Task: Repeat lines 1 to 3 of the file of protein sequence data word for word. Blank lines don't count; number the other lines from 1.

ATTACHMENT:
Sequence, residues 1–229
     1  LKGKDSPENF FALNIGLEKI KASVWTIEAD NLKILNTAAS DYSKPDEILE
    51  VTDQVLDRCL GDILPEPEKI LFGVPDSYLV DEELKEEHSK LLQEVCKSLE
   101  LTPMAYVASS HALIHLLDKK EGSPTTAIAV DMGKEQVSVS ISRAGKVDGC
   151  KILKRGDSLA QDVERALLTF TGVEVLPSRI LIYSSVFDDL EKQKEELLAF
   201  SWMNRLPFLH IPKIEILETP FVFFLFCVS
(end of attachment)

Sequence, residues 1–229
     1  LKGKDSPENF FALNIGLEKI KASVWTIEAD NLKILNTAAS DYSKPDEILE
    51  VTDQVLDRCL GDILPEPEKI LFGVPDSYLV DEELKEEHSK LLQEVCKSLE